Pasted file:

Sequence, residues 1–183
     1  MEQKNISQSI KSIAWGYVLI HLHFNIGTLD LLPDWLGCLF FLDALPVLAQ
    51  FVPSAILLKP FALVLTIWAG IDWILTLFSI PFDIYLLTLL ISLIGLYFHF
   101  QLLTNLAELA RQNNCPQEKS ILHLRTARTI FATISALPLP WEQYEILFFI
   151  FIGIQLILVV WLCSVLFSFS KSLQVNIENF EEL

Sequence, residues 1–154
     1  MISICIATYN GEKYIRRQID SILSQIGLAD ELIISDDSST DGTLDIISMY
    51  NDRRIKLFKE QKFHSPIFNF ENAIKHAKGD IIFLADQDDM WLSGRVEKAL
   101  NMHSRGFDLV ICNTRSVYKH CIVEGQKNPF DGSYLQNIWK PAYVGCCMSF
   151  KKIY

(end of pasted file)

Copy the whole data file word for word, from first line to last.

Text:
Sequence, residues 1–183
     1  MEQKNISQSI KSIAWGYVLI HLHFNIGTLD LLPDWLGCLF FLDALPVLAQ
    51  FVPSAILLKP FALVLTIWAG IDWILTLFSI PFDIYLLTLL ISLIGLYFHF
   101  QLLTNLAELA RQNNCPQEKS ILHLRTARTI FATISALPLP WEQYEILFFI
   151  FIGIQLILVV WLCSVLFSFS KSLQVNIENF EEL

Sequence, residues 1–154
     1  MISICIATYN GEKYIRRQID SILSQIGLAD ELIISDDSST DGTLDIISMY
    51  NDRRIKLFKE QKFHSPIFNF ENAIKHAKGD IIFLADQDDM WLSGRVEKAL
   101  NMHSRGFDLV ICNTRSVYKH CIVEGQKNPF DGSYLQNIWK PAYVGCCMSF
   151  KKIY